Our Naked Declaration
We have come to Sweden to run in the nude, because it was here where Mo Yan, a defender of censorship and a senior Communist cadre, was awarded the Nobel Prize for Literature last year.
With our act, we want to remind this forgetful world that there is a staunch denouncer of censorship, a witness of the Tian’anmen Massacre in 1989, a winner of the Nobel Peace Prize, who was sentenced to eleven years in prison for his writings and views, and he is now behind bars in China. His name is Liu Xiaobo.
With our act, we want to remind this forgetful world of an outstanding artist named Liu Xia. She has no particular interest in politics, but just because she is the wife of Liu Xiaobo, she has been placed under house arrest since her husband was awarded the Nobel Peace Prize in October, 2010.
With our act, we want to remind this forgetful world that, in Beijing, the capital of China, there is an ordinary resident named Liu Hui, a man who is not politically inclined. But because he is the brother of Liu Xiaobo’s wife and he revealed bits of family information to the rest of the world, the Chinese authorities trumped up “financial charges” against him and sentenced him also to eleven years in prison.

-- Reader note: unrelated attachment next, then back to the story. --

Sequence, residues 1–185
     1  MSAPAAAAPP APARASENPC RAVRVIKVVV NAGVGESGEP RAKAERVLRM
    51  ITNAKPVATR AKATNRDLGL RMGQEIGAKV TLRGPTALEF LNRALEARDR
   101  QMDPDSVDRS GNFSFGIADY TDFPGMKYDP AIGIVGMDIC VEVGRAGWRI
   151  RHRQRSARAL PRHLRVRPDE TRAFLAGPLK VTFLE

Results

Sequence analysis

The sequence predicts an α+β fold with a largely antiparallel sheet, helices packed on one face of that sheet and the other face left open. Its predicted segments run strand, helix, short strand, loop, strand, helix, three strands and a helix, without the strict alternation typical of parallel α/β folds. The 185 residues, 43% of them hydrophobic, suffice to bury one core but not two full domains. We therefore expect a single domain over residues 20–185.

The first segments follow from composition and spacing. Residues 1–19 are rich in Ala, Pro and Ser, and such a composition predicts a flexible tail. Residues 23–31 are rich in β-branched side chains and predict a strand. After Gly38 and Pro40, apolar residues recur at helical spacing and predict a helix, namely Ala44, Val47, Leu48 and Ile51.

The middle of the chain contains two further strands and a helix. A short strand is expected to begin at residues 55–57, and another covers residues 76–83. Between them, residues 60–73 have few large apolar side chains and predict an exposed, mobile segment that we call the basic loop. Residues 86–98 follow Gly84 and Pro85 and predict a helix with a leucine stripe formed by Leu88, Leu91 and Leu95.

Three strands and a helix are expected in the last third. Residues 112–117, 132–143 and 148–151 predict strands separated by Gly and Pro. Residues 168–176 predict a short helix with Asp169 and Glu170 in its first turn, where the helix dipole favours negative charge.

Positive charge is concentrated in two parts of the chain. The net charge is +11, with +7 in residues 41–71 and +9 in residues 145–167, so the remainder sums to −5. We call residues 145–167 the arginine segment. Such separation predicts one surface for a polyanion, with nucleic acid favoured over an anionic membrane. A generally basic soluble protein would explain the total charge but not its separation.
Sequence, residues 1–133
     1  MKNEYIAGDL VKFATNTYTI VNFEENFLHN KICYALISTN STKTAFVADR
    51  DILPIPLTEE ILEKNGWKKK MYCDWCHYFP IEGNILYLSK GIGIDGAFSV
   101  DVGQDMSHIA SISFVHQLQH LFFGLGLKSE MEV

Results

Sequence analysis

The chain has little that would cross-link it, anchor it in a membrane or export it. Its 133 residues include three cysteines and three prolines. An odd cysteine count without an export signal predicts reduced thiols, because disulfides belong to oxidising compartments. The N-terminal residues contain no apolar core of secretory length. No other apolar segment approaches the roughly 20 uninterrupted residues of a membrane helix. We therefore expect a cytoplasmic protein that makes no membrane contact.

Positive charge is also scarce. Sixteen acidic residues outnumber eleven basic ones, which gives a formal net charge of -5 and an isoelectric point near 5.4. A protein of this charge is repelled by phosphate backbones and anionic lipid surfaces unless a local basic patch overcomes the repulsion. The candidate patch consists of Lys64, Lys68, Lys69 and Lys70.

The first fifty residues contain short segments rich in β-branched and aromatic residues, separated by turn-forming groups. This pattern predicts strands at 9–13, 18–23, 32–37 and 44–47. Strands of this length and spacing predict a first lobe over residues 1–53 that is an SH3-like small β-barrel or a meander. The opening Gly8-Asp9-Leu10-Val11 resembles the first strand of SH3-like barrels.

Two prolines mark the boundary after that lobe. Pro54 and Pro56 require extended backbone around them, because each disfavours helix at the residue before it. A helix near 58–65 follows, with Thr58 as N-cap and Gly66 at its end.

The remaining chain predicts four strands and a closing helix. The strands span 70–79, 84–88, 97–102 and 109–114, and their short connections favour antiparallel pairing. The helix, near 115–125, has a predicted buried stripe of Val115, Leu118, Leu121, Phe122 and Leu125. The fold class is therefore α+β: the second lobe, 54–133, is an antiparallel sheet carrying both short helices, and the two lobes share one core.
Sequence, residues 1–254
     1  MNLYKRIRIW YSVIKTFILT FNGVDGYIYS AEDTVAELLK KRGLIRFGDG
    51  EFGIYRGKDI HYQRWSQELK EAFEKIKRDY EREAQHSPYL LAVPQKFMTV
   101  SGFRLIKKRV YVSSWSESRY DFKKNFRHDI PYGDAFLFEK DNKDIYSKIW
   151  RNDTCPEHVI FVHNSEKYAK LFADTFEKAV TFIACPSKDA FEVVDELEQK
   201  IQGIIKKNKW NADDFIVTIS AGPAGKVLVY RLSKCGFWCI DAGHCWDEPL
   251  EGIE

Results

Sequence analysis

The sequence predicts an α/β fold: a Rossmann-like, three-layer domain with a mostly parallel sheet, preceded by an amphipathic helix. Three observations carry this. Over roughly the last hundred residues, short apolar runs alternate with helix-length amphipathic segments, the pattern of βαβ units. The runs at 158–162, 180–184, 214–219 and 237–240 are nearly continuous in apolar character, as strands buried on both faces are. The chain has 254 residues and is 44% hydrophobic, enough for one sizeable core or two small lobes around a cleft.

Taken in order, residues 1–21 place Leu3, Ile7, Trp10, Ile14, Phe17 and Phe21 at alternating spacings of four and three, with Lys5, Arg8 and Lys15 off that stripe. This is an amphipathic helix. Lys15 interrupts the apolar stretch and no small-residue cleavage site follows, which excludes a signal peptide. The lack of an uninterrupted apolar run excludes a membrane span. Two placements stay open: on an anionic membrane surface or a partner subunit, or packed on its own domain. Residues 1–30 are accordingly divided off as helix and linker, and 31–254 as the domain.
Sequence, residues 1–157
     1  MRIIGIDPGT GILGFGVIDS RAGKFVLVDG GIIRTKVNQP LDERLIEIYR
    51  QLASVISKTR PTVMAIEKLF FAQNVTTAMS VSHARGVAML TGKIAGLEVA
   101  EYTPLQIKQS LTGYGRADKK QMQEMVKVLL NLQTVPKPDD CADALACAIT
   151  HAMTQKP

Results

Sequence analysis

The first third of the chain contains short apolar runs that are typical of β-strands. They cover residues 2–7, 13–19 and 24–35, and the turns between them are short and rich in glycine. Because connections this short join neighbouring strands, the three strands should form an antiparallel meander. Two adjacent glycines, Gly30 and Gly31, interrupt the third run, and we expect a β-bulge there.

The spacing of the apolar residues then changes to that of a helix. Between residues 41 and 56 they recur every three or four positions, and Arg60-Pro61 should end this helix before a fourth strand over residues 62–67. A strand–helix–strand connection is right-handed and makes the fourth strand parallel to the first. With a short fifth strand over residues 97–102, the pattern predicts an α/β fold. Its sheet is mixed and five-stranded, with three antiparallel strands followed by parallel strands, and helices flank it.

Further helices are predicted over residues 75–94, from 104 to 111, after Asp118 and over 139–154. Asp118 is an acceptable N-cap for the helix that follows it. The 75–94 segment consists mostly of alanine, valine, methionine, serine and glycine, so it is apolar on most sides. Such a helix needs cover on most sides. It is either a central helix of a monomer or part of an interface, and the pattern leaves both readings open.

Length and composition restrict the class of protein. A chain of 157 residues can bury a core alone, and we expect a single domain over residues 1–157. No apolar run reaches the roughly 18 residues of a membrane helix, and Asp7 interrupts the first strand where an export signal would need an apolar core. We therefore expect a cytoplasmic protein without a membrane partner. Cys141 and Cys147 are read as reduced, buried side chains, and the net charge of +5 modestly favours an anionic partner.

With our act, we want to remind this forgetful world that the persecution against Liu Xiaobo and his family is still ongoing and has never relented, and Liu Xia is on the verge of mental collapse. According to Chinese law, she should not be a prisoner just because her husband is a prisoner. She has to breathe free air to heal her trauma.
We have come here to run in the nude, because while such horrible persecution-by-association has been carried out, the Chinese Communist Party has mobilized its propaganda apparatus, now draped in the award from the Swedish Academy, to challenge the universal values of the human race as never before. Since the winter of 2012, well over a hundred Chinese citizens have become the newest prisoners of conscience and been locked up in jails across China, and 122 Tibetans have self-immolated in one last protest against the Chinese suppression.
In a world all too surreal, Liu Xia cried out, “Both Mo Yan and Liu Xiaobo are Nobel Laureates, why are they treated so differently?”
Liao Yiwu, author, former political prisoner;
Bei Ling, poet, former editor of an underground magazine, deported from China in 2000;
Wang Yiliang, author, former literary criminal;
Meng Huang, artist, who mailed an empty chair to Liu Xiaobo in prison, and doesn’t know the whereabouts of the chair. In 2012 he again mailed an empty chair, this time to the Swedish Academy, hoping that Mo Yan would take the chair back to Liu Xiaobo. He didn’t get his wish;
Wang Juntao, scholar, former political prisoner.